|Simmons (center) w/ Bryson Stott (left) & Corbin Williams (right)|
On that day, the talented 19-year-old was batting .169 with two home runs and nine RBI through 21 disappointing games with Class A short-season Williamsport. It was a funk that Simmons couldn’t shake until a reality check from a pair of former big leaguers allowed some things to start clicking for the second baseman/shortstop/third baseman.
Crosscutters manager Pat Borders, a World Series MVP in 1992, and former Phillies farmhand, a current coach with the Crosscutters, Greg Brodzinski, shared valuable insight with Simmons about his potential.
“Basically they told me, ‘You have the best tools out here, by far. Without a doubt. And you can be the guy that has all the tools and never figures it out or you could turn a switch on today and compete on every at bat and don’t give up,’” Simmons said in the visiting team’s dugout at Richmond County Bank Ballpark this week, prior to the New York-Penn League All-Star Game.
The duo also cited concerns about the athletic righty hitter’s body language. Borders and “Bull” told Simmons that it was evident that he was down on himself, as a result of the offensive struggles. With a smile and an approachable attitude that is infectious, Simmons knew that wasn’t his nature.
“That really hit home and that’s the spark that I needed,” shared Simmons.
The ceiling that his professional mentors see for Simmons is the same sort of heights that Simmons’s older brothers have been talking about to him for years. Austin, 24, and Blake, 21, would motivate Kendall in his teenage years, whenever he felt tired or needed a swift kick in the pants, encouraging him to get to the baseball field and continue on his path to what they feel is greatness.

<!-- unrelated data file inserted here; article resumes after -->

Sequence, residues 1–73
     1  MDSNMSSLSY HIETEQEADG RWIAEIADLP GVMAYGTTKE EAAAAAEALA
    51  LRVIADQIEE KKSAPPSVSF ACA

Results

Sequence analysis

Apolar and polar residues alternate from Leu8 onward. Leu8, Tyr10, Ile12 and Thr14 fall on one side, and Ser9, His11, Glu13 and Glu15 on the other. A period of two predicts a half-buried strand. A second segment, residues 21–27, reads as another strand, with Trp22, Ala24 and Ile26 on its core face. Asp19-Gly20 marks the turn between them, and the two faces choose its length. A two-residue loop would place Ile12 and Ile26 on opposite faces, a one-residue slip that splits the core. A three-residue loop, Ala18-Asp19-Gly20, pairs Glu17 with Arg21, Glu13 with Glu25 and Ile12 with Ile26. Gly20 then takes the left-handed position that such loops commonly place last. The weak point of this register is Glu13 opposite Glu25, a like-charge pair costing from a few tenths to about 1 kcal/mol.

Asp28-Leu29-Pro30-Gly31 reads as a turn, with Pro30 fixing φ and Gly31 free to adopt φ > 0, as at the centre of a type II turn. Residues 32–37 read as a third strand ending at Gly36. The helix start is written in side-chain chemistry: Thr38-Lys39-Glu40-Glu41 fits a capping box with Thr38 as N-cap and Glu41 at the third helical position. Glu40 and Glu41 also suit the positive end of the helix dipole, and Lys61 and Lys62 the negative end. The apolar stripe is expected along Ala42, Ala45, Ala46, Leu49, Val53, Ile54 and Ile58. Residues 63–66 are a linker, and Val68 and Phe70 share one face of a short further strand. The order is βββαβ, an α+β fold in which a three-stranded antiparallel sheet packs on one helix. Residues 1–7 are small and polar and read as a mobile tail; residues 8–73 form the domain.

Austin played collegiate ball at Kennesaw State while Blake plays at Georgia Southern. They bring the best out of Kendall.
"They push me to be the best that I can be," Simmons shared. "Since I was little they always knew what my potential was growing up and no matter what, they always push me."
With the insight of two more experienced players in the same home, the youngest brother says Austin and Blake know, not only, a lot about the game, but also a lot about him. Kendall can still go to them for advice and says they virtually raised him on a baseball field.
Kendall recalls an assertion Blake made to him years ago, that he would be a big league player some day. Kendall, barely on any scout's radar at the time, didn't think that could be a reality. Now, though, the more success he enjoys, the more Kendall has begun to believe in the evaluation that Blake made note of.
Another individual that the Georgia native credits with helping his progress is his roommate, Crosscutters catcher Logan O'Hoppe.
"I just try to be a pair of ears for him," said O'Hoppe. "Whether he likes it or not, I'll give him my opinion. But I just try to help him go into every day with a clear head."
|Kendall Simmons, image- Jay Floyd|
O'Hoppe, who was also a New York Penn League All-Star, credits Simmons with using all outlets available to him in order to put together an exceptional approach and enhance the cerebral side of his game.
"He just took certain information and made it his own and he's done a great job with it, obviously." O'Hoppe stated.
Since the chat with Borders and Luzinski merged with the lessons he got from his blood brothers and his road brother to strap a rocket onto his skill set, Simmons is batting .343 with nine homers and 21 RBI in 21 games.
The pitfalls of professional baseball have proved to help Simmons triumph and he's grateful for every single moment to date.
"I’m learning from it, taking every day for what it’s worth, not leaving anything behind."
An earlier version of this article incorrectly identified Greg Brodzinski as former Phillies great Greg Luzinski. This site apologizes for the error.